St Augustine of Hippo (AD 354–430) is known for many reasons: his dramatic conversion after leading a wayward life; his massive tomes reflecting on the Church and various dimensions of Christian faith; and his genre-founding memoir, The Confessions. What he might be less known for, however, are his writings on the central place of friendship in everyday life.

The Friends of St Augustine are a lay movement here in Melbourne and around Australia, born from an association with the Augustinian Friars of Australia. The movement began in 1999 as a way of bringing lay people together to be formed by the texts and spirituality of St Augustine. Melbourne’s branch is based at St Joseph’s Parish in South Yarra, which is run by the Augustinians.

The Friends of St Augustine recently appointed two new national leaders, both of whom are based here in Melbourne: Mary McCormick and Judith Duncan. Having been involved with Friends for many years, they also work alongside Maureen Atkins, the Formation Coordinator, and their newly appointed chaplain, Fr Dave Austin OSA from Sydney.

While conscious of the responsibilities that come with their appointment, they are also ‘excited’.

‘We’re very conscious of where we go from here,’ Mary says. ‘What are the possibilities? Where can we take Augustine? Who might be interested?’

Mary, Judith, Maureen and Fr Dave have all been richly blessed by their shared commitment to read the works of St Augustine and to learn from him. Not only has Augustine become a friend to them, but their friendship with each other has also deepened over the years because of him.

Mary says that a treasured quote of the Friends comes from the fourth chapter of The Confessions, in which he defines friendship:

To talk and laugh, and to do other kindnesses; to read pleasant books; to pass from the lightest jesting and back again; to talk of the deepest things and back again; to differ without rancour, as persons might with themselves; to teach other and to learn from each other; these and such things kindled a flame that fused our very souls together and made us one out of many (Confessions, 4.8).

Fr Dave says that the idea of friendship is integral to understanding Augustine. ‘The core aspect of Augustine’s spirituality was community,’ he says. ‘He himself formed a community even before his conversion because he was very much a person energised by people.’

Augustine’s writings are also overflowing with reflections on love. ‘He writes beautifully about love, and I think one of the secrets of that is that he himself had been in love,’ Fr Dave says, referring to Augustine’s relationship with a woman that lasted 15 years prior to his conversion.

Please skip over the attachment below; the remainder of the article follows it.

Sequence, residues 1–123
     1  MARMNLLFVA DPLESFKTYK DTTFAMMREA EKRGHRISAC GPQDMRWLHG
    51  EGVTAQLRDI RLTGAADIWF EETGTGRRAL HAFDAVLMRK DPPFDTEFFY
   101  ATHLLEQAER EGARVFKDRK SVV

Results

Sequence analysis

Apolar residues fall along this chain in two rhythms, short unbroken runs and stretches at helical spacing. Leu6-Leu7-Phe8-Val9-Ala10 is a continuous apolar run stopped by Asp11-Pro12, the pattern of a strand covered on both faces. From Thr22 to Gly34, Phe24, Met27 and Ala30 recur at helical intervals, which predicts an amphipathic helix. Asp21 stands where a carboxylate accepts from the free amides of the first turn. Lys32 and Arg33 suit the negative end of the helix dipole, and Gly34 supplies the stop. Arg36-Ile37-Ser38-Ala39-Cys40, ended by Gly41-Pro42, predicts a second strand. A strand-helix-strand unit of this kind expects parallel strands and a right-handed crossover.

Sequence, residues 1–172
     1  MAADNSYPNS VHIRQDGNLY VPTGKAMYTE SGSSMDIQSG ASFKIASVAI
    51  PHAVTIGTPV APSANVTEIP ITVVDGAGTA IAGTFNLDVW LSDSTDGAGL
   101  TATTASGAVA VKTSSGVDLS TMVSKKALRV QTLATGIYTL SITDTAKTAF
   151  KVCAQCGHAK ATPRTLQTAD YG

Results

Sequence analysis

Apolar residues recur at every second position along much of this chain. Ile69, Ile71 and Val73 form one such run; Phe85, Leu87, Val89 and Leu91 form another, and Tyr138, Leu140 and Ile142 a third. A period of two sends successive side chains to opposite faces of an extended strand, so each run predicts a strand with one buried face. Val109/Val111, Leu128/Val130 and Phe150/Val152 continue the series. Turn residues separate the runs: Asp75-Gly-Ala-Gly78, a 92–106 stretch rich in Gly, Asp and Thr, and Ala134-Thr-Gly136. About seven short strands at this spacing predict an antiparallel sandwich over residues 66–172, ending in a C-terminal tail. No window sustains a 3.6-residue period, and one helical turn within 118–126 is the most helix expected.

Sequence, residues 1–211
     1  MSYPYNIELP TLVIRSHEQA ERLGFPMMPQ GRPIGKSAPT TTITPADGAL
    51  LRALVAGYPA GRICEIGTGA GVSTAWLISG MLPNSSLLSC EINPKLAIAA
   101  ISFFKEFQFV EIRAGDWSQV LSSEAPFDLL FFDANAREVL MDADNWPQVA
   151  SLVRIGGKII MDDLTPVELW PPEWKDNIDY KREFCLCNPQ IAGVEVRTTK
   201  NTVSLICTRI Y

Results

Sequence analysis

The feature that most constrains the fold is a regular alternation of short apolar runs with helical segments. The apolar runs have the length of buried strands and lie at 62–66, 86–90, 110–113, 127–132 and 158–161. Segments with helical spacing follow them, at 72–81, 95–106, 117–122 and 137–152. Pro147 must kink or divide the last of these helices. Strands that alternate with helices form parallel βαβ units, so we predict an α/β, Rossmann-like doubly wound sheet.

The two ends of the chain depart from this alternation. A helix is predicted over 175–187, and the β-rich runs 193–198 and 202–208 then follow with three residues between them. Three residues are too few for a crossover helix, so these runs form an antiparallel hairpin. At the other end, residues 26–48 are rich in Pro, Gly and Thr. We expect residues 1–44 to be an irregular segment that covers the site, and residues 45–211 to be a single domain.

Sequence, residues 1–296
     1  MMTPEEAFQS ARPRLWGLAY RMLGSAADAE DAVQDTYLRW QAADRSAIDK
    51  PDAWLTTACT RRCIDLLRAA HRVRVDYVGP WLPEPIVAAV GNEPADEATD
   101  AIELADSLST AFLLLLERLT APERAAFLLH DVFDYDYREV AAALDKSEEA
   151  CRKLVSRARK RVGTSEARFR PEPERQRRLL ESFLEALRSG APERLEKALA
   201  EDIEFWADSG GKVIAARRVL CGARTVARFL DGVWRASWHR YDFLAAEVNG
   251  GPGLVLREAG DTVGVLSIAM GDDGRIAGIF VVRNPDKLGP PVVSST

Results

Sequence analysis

Because the themes in Augustine are so universal, he is someone who can be read by anybody. His story also includes characters that many can identify with, whether they are mothers praying for their children or those who might have pursued their own wayward lifestyle. ‘It’s a powerful story, and it’s everybody’s story in some dimension. If you’re a Monica, it’s your story; if you’re an Augustine, it’s your story, and so on.’

While some other lay associations might have a more structured way of life, the Friends of St Augustine don’t have a ‘rule’ of life. They simply have a shared commitment to meet four times a year and make St Augustine’s spirituality central to their conversations.

The universal appeal of Augustine spoken about by Fr Dave also resonates with the others and has nourished their faith.

Judith Duncan says, ‘What resonates with me is the idea that the life, society, the issues, the challenges … they’re the same now as they were in the fourth and fifth century. They seem to be different, but they’re really not, because they’re part of the human condition.’

Being able to ‘link’ Augustine’s experience and story with their own, to help them understand it on a deeper level, is something Mary and Maureen have appreciated too.

Judith also sees the Friends of St Augustine as an opportunity to provide the kind of formation that people are hungry for.

‘I always think that there’s a disconnect between how people are in their professional lives and in their spiritual lives,’ she says. ‘In the sense that, whatever profession you’re in, job you’re doing, you’re always upskilling, you’re doing professional development and so on. As far as the spiritual side of things … there’s not that sort of spiritual input.’

In fact, Judith says, a survey conducted in St Joseph’s Parish some years ago revealed that one of the things people wanted most was faith formation.

Now that they have been appointed as national leaders, Mary says they want to ‘get their thinking hats on’, getting more involved with the parish and exploring more ways to get the message of the Friends of St Augustine out there.

If you would like to learn more about the Friends of St Augustine or to get involved, please contact their national leaders: